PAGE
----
Hydrosone

Brand Name:Claritin Skin Itch Relief, Cortef Tablets, Cortenema, Cortoderm, Emo-Cort, Hycort, Prevex HC, Sarna HC, Westcort Preparations

Prescription needed: Yes, In Some Cases

What is this drug used for?

Hydrocortisone belongs to a class of drugs called “corticosteroids” and is used most commonly for medical conditions that involve inflammation. Some examples are arthritis, asthma, allergic reactions, Crohn’s disease, colitis and other inflammatory conditions of the skin, blood, kidney, eye and thyroid.

Hydrocortisone and other corticosteroids are similar to the body’s natural hormone, cortisone, and works in many parts of the body to decrease inflammation. These medications are often needed when the body is not producing enough of its own hormone, cortisone, to keep things in balance.

This medication is available in many different forms, in combination with other medications, and can be used for many different conditions as above:

  • topical preparations (e.g. cream, ointment, lotion) - to treat itchiness, inflammation of the skin, rectal area
  • suppositories, enemas - used to treat symptoms of ulcerative colitis, hemorrhoids
  • eye drops, ear drops
  • oral tablets
  • injection

Is there any reason not to take this drug?

You should not take this drug if you are allergic to hydrocortisone or if you have a fungal infection in some place other than on your skin. Tell your doctor if you have or have ever had:

  • problems with your kidney or liver
  • problems with stomach ulcers, bleeding of the stomach or heartburn
  • diabetes
  • congestive heart failure
  • problems with swelling of your feet or ankles
  • high blood pressure
  • osteoporosis
  • problems with frequent infections
  • low thyroid hormone (hypothyroidism)
  • problems with depression, hallucinations or other mental illness
  • myasthenia gravis
  • herpes eye infection or shingles (herpes zoster infection)
  • tuberculosis
  • glaucoma or cataracts
  • problems with low potassium or calcium in the blood
  • side effects to other corticosteroid medications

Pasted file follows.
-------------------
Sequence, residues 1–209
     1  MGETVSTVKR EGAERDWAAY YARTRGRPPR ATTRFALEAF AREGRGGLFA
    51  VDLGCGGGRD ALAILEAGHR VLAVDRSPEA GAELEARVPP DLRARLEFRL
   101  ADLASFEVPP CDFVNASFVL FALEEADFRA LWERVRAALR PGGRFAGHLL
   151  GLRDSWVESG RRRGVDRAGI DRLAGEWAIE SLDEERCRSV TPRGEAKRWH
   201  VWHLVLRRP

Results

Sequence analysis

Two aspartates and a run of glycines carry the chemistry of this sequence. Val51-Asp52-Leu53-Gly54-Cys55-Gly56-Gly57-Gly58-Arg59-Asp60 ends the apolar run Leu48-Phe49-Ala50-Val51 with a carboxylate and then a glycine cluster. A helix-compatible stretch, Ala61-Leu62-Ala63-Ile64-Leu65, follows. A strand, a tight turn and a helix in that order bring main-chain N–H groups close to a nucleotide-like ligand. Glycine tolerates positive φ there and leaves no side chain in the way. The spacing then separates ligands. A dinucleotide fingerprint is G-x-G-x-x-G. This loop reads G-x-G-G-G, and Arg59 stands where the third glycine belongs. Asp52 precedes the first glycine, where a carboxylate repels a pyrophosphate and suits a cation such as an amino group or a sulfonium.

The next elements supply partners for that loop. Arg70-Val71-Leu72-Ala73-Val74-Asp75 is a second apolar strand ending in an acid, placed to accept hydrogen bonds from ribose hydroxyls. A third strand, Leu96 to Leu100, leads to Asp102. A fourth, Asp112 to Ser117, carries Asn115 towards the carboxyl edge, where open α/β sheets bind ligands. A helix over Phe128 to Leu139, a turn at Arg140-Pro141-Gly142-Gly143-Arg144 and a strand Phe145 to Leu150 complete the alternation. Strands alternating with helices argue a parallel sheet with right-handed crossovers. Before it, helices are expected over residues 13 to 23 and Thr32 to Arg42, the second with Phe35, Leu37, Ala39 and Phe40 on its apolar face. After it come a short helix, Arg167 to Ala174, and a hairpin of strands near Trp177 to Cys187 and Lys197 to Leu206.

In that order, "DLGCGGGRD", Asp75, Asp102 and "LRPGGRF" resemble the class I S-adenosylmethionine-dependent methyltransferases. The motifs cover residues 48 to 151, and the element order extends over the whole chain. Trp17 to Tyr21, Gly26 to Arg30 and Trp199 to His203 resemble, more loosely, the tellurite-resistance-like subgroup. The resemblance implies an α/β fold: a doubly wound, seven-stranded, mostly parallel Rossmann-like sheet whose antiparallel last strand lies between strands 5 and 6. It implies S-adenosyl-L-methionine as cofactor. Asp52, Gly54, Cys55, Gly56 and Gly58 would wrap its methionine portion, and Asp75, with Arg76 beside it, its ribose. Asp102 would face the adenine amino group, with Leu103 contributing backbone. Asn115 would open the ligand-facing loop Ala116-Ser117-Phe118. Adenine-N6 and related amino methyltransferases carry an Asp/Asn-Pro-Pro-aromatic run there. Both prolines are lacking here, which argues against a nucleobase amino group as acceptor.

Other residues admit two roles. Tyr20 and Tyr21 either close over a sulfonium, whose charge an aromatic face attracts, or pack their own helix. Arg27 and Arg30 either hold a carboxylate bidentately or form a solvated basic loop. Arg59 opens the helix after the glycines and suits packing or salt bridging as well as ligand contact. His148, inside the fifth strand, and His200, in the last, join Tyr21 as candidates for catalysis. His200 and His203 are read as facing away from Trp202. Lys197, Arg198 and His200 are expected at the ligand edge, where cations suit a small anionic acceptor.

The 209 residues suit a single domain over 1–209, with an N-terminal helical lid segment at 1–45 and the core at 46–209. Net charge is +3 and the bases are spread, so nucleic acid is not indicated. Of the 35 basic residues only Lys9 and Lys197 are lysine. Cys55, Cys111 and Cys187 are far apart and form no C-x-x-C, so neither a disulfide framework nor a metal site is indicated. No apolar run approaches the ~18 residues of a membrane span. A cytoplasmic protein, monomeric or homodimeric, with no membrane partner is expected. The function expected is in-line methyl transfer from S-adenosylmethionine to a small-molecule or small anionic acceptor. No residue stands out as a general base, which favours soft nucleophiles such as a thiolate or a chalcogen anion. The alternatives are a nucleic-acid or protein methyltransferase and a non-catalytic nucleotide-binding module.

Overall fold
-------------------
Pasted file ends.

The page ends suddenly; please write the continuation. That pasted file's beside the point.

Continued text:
What about possible side effects?

Side effects to this medication will depend on the type of dosage form you are taking. For example, side effects will be more common with the tablets and injection to the veins and less so with the lotion or eye drops. Some of the side effects will only be at the site of where the drug is being given (e.g. injection to the joint).

The most common side effects are:

  • upset stomach, vomiting, heartburn
  • increase in appetite with possible weight gain
  • swelling of the feet and ankles
  • swelling of the face
  • dizziness
  • difficulty falling or staying asleep, nightmares
  • feeling depressed, anxious or restless
  • feeling “high” or euphoric[D1]
  • acne
  • changes in the skin (easy bruising, skin thinning, increased hair growth over body, presence of small blood vessels)
  • changes or absence of menstrual periods
  • decrease in bone strength and osteoporosis

Some of these side effects are more likely with higher doses and some are more likely with long-term use. Talk to your doctor or pharmacist.

Less common and sometimes severe side effects include:

  • high blood pressure
  • increase in blood sugars
  • feeling weak in the muscles
  • stopping your body’s own ability to produce its natural hormone, cortisone (with high doses and long-term use)
  • a condition called avascular necrosis of bone
  • changes in vision (call you doctor)
  • increased chance of infection or slow recovery from an infection (call your doctor)
  • decrease growth rate in children

Specific to topical preparation:

Side effects are usually uncommon.

Contact our doctor if these symptoms are severe or do not go away:

  • drying or cracking of the skin
  • itching, burning
  • acne
  • change in skin colour

If you experience any of the following symptoms, call your doctor right away:

  • severe skin rash
  • skin infection (redness, swelling, or oozing of pus)
  • skin thinning

This is not a complete list of side effects. If you are concerned about these or other unusual symptoms while taking this medication, ask your doctor and/or pharmacist for more information and advice.

What if I am taking other drugs?

Always provide your doctor with a list of all other drugs you are taking (including over-the-counter medications and herbal/natural products) as they may interact with and/or may change the safety or effectiveness of either drug. Tell your doctor specifically if you are taking any of these drugs as these are the most common interactions and he/she may need to make changes or monitor you more closely:

  • Other pain medications that include ASA & other anti-inflammatories (e.g. ibuprofen, naproxen, voltaren, diclofenac) – can increase your chances of having side effects, especially those in the stomach.